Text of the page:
On the night of April 23, 1861, there was a great mass meeting in Perry to consider the state of the Country. The next day, flags bearing the Stars and Stripes hung everywhere as volunteers left for Buffalo to join the fight to preserve the Union. Perry was more largely represented in "the Rebellion," as the Civil War was often called, than any other town in Wyoming County.

The American Citizen was a newspaper established in 1836 under the auspices of the Genesee County Antislavery Society, as the voice of that Society, and as an advocate of the general abolition of slavery. A.W. Young was chosen as editor, and remained in that position the first three months. Jonathan A. Hadley was employed as publisher, and continued as such to the end of the first year. The newspaper then moved from Warsaw to Perry, chiefly for the convenience of its new editor Josiah Andrews, who resided in Perry. Andrews was instrumental in furthering the cause of anti-slavery and the Underground Railroad. According to historical writer Frank Roberts, author of The History of Perry, Josiah Andrews was "an earnest foe of the evil and for a time was connected with the Underground Railroad and assisted slaves in escaping pursuit". The Citizen's publishers in Perry were, for a time, Mitchell and Warren. Mr. Mitchell continued its publication until January, 1841, when it was moved to Rochester.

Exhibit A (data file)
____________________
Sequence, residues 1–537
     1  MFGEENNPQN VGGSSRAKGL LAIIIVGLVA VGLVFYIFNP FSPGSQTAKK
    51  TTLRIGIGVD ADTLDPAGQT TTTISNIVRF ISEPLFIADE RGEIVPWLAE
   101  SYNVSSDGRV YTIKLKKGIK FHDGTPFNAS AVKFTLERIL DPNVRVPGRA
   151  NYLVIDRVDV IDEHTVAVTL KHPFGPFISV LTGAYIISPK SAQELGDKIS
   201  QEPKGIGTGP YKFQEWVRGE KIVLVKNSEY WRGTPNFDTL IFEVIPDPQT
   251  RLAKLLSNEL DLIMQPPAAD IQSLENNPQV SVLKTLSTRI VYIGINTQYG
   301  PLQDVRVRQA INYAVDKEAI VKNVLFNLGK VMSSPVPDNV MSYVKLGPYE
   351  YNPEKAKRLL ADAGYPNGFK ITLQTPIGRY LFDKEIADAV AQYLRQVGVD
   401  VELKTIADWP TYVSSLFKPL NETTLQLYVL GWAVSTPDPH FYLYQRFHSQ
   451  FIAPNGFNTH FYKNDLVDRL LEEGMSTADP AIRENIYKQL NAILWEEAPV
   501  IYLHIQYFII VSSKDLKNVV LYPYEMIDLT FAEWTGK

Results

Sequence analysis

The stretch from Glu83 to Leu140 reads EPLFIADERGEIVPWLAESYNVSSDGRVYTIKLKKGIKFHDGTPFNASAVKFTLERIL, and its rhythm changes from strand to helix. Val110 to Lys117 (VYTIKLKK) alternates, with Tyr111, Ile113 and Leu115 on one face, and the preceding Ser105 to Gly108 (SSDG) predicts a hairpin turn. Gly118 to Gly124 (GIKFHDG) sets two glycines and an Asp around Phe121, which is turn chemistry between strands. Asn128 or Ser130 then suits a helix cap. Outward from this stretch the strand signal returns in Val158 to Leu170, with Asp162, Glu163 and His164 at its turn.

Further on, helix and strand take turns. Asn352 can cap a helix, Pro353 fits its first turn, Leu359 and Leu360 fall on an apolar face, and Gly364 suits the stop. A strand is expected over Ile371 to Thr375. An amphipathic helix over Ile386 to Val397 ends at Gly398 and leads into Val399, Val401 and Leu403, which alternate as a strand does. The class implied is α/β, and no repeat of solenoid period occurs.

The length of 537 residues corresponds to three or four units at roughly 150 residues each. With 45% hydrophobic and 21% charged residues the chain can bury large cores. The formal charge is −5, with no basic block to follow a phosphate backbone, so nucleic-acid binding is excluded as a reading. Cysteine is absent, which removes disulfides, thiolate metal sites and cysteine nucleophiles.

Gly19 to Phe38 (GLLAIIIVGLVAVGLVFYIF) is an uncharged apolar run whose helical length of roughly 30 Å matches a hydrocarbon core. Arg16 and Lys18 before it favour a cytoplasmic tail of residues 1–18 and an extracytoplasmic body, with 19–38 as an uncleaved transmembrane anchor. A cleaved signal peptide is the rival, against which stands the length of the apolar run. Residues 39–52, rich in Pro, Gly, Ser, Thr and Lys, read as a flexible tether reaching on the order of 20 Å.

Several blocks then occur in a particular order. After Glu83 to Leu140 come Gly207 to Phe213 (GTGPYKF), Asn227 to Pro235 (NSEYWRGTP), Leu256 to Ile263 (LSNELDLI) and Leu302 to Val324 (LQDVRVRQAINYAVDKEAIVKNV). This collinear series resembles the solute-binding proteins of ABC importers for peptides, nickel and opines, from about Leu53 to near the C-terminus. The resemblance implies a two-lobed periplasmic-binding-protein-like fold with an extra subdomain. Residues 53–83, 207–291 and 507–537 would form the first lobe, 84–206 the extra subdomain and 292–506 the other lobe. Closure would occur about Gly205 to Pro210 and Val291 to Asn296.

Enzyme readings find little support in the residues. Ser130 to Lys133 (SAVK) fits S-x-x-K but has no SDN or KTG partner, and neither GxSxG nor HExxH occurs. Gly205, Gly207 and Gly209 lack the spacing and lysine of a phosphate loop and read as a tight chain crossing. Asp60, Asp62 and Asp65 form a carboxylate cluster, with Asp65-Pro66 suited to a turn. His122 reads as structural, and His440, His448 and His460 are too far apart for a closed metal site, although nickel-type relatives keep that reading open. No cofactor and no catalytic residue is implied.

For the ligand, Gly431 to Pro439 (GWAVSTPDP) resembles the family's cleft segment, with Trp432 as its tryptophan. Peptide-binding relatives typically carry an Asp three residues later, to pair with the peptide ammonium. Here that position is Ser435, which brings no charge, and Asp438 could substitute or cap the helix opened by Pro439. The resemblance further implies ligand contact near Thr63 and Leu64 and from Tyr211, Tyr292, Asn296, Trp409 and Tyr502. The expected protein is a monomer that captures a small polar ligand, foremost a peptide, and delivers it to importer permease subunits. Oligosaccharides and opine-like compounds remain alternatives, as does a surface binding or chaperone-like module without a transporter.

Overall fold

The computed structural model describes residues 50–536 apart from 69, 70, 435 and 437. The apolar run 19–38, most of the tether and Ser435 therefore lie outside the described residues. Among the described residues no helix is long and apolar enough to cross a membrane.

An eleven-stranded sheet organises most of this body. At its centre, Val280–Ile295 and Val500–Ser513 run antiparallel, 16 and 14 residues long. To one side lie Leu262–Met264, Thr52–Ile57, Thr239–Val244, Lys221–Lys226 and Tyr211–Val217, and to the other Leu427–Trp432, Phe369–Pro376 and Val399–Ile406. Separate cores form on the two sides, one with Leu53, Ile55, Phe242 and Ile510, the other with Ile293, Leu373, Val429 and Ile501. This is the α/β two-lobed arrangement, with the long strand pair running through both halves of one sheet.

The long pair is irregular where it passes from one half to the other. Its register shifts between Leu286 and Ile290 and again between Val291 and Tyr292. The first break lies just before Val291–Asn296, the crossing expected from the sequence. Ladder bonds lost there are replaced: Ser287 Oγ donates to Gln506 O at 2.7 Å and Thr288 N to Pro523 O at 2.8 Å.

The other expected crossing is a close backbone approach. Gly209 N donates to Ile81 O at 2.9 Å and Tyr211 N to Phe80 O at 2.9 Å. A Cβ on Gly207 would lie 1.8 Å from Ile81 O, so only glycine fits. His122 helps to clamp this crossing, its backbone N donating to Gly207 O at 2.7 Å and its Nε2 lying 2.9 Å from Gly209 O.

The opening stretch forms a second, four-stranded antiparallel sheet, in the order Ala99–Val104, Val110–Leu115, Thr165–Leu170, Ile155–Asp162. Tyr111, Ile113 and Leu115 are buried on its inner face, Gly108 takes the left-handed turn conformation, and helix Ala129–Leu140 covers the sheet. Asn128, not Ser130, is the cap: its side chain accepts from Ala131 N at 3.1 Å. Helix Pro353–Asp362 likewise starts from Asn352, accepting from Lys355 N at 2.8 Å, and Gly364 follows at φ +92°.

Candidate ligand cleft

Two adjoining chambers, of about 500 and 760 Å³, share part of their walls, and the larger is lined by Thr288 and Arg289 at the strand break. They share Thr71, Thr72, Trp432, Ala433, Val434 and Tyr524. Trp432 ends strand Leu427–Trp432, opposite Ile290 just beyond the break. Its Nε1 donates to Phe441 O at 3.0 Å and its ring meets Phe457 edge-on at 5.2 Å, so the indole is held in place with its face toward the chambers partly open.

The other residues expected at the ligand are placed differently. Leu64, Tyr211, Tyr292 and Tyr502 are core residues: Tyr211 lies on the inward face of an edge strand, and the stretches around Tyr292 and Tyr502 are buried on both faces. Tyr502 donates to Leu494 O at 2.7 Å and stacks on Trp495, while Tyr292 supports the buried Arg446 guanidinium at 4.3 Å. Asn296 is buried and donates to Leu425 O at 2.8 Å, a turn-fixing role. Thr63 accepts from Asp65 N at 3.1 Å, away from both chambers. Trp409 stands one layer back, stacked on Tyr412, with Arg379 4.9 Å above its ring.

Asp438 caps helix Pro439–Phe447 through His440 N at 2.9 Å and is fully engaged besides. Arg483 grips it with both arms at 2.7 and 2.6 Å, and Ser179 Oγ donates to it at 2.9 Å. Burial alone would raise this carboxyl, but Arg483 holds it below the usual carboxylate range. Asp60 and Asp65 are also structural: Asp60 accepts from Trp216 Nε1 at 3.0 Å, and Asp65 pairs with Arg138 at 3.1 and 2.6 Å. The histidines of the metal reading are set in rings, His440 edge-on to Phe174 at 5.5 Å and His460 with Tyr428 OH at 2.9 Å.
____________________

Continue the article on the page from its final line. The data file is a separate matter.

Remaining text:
The Presbyterian Church of Perry was believed to have been a depot involving mill owner Samuel F. Phenix, pharmacist Willard J. Chapin, Baptist minister Elon Galusha, mill owner George Tomlinson, and Seth Ames in its operations. Under Rev. Galusha, the Baptist church took a stand against slavery and the members resolved that as a church of Christ they could not fellowship with slave holders or their supporters.

Pike 

If caught helping in any way, conductors were arrested, imprisoned and fined as much as one-thousand dollars for each instance or each fugitive. There were sizable bounties on the fugitives and their helpers. Pike native Calvin Fairbank had a successful career aiding escaped slaves though he was caught twice and served seventeen years in a Kentucky prison

Born in Pike in 1816, Calvin Fairbank was a ministerial student at Oberlin College in Elmira when his father sent him down the Ohio River in charge of a lumber raft. Just below Wheeling, Fairbank helped his first Negro across the river and started him on the road to freedom. Within days, while moored to the Kentucky shore of the Ohio, Fairbank aided the escape of an old slave woman and her seven children. Seven years later, after helping Louis Hayden and his family escape from Lexington, Kentucky to Ohio, Fairbank was arrested, pleaded guilty and jailed.